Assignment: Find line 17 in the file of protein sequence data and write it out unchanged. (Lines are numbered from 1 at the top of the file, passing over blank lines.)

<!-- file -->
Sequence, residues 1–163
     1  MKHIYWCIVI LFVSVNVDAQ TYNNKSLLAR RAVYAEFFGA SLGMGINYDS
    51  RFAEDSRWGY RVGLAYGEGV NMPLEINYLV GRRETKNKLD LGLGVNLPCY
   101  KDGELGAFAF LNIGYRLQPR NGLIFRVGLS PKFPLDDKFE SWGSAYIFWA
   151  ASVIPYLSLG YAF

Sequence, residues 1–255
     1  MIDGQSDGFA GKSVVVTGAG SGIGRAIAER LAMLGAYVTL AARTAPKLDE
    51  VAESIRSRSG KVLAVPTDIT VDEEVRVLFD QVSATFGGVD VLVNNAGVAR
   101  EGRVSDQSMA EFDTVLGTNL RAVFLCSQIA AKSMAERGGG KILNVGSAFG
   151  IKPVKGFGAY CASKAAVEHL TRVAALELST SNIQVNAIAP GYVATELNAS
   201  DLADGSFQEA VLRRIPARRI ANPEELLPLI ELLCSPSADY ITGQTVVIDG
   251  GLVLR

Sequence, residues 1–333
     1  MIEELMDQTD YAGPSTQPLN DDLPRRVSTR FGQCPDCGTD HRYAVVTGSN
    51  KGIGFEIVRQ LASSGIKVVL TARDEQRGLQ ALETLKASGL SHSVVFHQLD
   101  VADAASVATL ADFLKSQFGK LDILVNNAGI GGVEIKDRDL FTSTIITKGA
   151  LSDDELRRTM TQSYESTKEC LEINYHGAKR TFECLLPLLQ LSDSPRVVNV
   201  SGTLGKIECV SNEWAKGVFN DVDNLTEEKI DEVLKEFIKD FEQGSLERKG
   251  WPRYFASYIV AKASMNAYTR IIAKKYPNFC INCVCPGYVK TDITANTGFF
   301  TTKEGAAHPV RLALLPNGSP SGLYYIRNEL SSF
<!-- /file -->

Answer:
   151  LSDDELRRTM TQSYESTKEC LEINYHGAKR TFECLLPLLQ LSDSPRVVNV